Thus the jab about bias- just a joke. I didn't even post the Robyn Allan piece.
Anyway, since most opposition is in BC and we're the ones holding up the show, and BC has the most to lose and least to gain (between BC and AB), it has a lot to do with what BC gets out of it. We're the ones needing convincing.
Firstly the majority of BC citizen's already support the pipeline, so I'm not sure they need convincing. Secondly, as we've talked about, many of the folks in opposition don't need convincing because they CAN'T be convinced... EVER. It's not a matter of sitting down with the Mayor of Burnaby and going through the merits and risks, addressing concerns, making changes.
Canada is a Confederation and the project is considered in the "National Interest" not necessarily in the "BC Interest", just like shipping goods from Vancouver ports to Toronto through Edmonton isn't necessarily in the "Alberta Interest". Nor paying out more in federal taxes than either of our provinces receive back in either of our "interests", but its part and parcel of being part of the country.
Regarding your post about declining park ranger numbers between 2001 and 2016 (http://www.cbc.ca/news/canada/britis...gers-1.3661583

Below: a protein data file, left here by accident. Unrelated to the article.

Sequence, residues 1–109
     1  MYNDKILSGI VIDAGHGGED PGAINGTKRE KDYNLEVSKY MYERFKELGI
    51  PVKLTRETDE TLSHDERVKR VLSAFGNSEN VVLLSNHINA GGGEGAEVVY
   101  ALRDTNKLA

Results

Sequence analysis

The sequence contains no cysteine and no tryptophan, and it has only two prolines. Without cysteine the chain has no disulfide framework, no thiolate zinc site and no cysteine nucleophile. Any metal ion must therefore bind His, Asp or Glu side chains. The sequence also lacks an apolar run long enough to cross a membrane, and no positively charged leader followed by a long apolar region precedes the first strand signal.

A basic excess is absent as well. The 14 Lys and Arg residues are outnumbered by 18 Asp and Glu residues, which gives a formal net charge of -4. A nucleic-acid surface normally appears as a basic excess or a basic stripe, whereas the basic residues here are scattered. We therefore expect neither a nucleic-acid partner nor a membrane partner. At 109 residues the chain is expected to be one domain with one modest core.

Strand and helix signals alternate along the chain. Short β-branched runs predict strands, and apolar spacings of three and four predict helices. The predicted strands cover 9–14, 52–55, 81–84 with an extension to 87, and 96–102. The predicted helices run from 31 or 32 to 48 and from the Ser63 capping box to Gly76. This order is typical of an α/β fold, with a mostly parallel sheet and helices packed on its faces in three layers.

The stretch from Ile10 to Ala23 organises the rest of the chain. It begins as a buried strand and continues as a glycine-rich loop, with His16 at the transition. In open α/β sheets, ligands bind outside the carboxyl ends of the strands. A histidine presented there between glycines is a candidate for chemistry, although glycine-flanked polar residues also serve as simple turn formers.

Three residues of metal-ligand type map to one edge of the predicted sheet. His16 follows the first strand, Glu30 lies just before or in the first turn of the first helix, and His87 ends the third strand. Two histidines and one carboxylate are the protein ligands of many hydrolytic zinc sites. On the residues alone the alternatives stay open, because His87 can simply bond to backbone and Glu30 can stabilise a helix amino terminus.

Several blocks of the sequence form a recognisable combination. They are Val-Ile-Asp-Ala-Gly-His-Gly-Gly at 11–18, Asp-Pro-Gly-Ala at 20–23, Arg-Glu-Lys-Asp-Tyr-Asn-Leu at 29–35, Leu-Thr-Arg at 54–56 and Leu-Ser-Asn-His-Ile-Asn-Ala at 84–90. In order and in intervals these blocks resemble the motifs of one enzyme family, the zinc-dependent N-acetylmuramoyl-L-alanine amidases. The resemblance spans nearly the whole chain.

), ya that sounds about right. Those dates correspond quite well to the Liberal premierships of Gordon Campbell and Christy Clark, so it's about what we'd expect. Thanks for the reminder. It's also off topic, as I was talking about oil spills in national parks, not rangers in provincial ones.
No you brought up "how much do Albertan's love their national parks" and pointing to an article on spills in Jasper (the most recent being 25 years ago). Beyond pointing out that expanding the pipeline actually reduces the likelihood of spills in the parks (Banff, Jasper, Yoho, Glacier and Mt Revelstoke), I'm pointing out that we could easily go round and round on "which province loves their parks the most"